Mankind is dead in sin.  We are unable to come to God on our own.  The very work of God is to do just what would prove to this atheist that God exists.  God can and does change the hearts of people to believe in Him.

The logical problem is that God isn’t going to appear in front of this dude and work His heart over.  It is a process that comes by time and discipline.  It occurs over the natural course of a person’s life–God uses His elect and even the non-elect for this work.  His Spirit convicts the person of his sin, and the person becomes willing to repent as a result of God drawing this person to Himself.  This atheist, however, doesn’t want any of that–he wants God to appear in front of him and do that work Himself, right now.  Presumably so that he knows that it is God and not just some “feeling.”

Another fulfillment of Romans 1?  You decide.

How God Identifies Himself

It’s interesting how God defines himself. He told Moses that he is the God of your fathers; the God of Abraham, the God of Isaac and the God of Jacob. He did not define himself by his omnipotence or his omniscience but by his personal relationships with these common men. (source)

So reflects Albert Cardinal Vanhoye, leader of the Roman Curia’s Lenten retreat.  I think that is absolutely fascinating because for many skeptics, God’s omnipotence and omniscience are not only God’s defining characteristics, but the logical basis by which many of them reject Him.  The presence of an omnipotent and omniscient being can only lead to fatalism in their minds, regardless of the number of times that I’ve seen Christians refute this notion.

This is the ontological argument in reverse.  Because the skeptic cannot conceive of how an omnipotent and omniscient being could exist within the framework of this universe, no such being can exist.  Since God would be such a being, God does not exist.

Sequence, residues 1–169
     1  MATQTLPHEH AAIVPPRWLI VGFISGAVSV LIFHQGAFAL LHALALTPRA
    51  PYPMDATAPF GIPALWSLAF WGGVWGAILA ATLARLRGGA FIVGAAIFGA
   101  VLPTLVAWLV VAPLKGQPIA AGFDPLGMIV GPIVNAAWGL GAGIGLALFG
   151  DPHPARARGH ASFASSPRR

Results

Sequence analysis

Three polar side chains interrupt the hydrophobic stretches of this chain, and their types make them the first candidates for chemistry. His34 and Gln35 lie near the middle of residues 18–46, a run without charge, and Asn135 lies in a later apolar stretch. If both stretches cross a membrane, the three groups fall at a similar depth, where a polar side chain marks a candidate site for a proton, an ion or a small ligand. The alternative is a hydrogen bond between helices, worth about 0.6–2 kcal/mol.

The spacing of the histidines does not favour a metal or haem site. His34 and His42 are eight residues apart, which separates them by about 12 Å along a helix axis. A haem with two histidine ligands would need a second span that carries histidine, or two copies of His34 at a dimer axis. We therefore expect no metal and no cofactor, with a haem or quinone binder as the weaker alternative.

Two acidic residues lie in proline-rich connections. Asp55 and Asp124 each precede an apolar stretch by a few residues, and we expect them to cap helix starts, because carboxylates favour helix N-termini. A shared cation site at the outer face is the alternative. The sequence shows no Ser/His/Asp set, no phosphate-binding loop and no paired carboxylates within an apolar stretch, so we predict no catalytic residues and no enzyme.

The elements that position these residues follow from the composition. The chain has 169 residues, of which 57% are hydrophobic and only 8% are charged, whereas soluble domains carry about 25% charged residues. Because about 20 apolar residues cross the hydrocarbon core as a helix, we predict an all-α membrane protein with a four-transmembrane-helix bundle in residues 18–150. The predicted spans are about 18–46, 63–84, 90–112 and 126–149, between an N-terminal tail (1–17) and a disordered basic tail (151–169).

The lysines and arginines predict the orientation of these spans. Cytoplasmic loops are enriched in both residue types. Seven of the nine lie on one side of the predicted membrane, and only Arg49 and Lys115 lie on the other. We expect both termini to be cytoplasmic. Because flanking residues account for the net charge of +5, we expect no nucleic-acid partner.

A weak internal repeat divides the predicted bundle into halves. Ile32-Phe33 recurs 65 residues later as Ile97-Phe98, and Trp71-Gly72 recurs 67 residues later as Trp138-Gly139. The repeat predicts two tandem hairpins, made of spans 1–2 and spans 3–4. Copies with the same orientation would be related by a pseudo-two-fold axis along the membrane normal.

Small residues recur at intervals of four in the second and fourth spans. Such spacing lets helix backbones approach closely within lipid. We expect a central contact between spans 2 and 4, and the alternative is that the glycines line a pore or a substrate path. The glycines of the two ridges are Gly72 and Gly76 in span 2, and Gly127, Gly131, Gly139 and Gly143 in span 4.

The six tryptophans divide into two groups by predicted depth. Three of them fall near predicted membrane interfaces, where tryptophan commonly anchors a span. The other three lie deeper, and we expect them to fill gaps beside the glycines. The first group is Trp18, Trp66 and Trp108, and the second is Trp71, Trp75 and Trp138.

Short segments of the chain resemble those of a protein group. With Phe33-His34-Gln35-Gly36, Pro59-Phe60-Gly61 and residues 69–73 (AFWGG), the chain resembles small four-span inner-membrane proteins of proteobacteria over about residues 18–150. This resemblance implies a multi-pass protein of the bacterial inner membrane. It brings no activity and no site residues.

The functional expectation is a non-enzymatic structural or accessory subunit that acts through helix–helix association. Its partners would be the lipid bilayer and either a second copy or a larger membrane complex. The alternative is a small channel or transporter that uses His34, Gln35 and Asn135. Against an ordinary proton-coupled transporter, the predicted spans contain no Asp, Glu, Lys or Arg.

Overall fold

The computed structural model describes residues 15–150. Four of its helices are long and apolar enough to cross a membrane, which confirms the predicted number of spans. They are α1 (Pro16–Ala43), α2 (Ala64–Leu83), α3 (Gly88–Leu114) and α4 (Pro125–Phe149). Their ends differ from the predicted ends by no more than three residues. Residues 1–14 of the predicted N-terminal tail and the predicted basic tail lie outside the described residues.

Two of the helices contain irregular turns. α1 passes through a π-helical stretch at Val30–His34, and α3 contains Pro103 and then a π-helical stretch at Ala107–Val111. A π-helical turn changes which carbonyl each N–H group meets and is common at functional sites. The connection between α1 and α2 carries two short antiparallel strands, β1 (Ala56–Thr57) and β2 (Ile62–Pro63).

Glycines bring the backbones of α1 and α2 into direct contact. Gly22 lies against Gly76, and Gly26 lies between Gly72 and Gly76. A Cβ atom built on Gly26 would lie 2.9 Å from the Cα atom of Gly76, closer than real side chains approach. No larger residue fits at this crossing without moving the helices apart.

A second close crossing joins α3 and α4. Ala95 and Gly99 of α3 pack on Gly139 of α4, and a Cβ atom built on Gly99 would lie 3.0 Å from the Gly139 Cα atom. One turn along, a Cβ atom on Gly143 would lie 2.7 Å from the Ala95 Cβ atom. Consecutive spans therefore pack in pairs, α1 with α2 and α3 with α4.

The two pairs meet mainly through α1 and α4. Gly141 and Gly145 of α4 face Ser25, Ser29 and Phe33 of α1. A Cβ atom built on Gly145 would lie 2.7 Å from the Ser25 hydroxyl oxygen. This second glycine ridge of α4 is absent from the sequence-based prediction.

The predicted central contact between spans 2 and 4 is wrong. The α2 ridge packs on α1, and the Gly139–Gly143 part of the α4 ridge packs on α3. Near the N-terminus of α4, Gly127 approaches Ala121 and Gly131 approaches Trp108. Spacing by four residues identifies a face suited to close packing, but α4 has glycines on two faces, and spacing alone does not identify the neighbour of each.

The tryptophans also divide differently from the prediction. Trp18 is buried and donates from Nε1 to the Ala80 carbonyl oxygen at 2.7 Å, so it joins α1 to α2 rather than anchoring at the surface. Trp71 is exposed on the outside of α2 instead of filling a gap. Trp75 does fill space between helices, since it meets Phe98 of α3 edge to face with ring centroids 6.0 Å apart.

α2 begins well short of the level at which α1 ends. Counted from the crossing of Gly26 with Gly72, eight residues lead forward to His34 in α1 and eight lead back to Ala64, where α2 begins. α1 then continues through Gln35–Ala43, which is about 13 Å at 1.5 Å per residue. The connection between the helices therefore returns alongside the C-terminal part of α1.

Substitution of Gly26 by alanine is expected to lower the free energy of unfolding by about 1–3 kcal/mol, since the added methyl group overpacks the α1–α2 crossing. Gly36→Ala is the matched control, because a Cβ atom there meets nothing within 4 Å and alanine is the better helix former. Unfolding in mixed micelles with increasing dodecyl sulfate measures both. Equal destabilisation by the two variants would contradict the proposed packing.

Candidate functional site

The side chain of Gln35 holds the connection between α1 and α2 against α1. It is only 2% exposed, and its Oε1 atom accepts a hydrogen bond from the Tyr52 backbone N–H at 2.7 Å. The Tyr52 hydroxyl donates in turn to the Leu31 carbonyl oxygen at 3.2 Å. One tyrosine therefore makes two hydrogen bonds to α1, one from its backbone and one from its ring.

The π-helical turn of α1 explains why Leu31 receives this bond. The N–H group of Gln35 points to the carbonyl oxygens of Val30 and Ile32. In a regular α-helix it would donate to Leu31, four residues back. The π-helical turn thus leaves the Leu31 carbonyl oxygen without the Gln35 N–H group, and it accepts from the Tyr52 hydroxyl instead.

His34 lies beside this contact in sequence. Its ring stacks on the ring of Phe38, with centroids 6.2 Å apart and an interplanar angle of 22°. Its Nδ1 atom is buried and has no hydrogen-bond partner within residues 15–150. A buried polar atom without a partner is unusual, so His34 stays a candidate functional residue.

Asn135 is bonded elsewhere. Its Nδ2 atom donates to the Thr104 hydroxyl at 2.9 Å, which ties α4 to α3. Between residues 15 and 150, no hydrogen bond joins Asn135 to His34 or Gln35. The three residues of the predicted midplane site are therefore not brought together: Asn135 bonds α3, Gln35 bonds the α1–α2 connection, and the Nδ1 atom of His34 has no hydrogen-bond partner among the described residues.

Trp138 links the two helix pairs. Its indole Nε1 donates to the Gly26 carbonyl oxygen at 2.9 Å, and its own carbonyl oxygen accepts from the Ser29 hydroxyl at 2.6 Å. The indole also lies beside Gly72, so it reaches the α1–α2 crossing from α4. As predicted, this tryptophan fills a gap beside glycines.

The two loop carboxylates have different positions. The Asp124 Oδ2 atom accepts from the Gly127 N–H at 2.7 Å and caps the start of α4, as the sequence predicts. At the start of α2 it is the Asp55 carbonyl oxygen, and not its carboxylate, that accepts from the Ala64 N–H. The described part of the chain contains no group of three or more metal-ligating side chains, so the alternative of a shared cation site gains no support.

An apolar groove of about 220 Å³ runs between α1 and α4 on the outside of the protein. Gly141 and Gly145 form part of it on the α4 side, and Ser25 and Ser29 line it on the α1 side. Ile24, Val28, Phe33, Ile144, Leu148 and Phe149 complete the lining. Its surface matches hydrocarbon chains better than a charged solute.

But God doesn’t identify Himself on the basis of these characteristics.  He identifies Himself on the basis of His relationship to His creation.  How much more should we, then, identify ourselves on the basis of our relationship to Him.  I think that the real problem is that the skeptic is ruled by his sin–and his sin is how he defines “fun.”  Drinking, gambling, drugs, premarital sex–all of these things are “fun,” but all of these things have consequences.

Defining oneself on the basis of one’s relationship to God will have consequences, too.  One must focus his thoughts on what is true, honorable, just, pure, lovely, and commendable  (Phil 4:8)–and it is easy to conclude even without a Bible (cf. Gal 5:16-24) that those things I just defined as “fun” from a secular point of view do not fit with that mode of thinking.

Defining oneself on the basis of a relationship with God brings with it freedom from sin (cf. Rom 6:14).  Paul exhorts us not to use that freedom for sin, “but through love serve one another. For the whole law is fulfilled in one word: ‘You shall love your neighbor as yourself.’ But if you bite and devour one another, watch out that you are not consumed by one another” (Gal 5:13-14).

So, brothers and sisters in Christ, if God identifies Himself on the basis of a relationship to His creatures, why do the creatures not identify themselves on basis of a relationship to Him?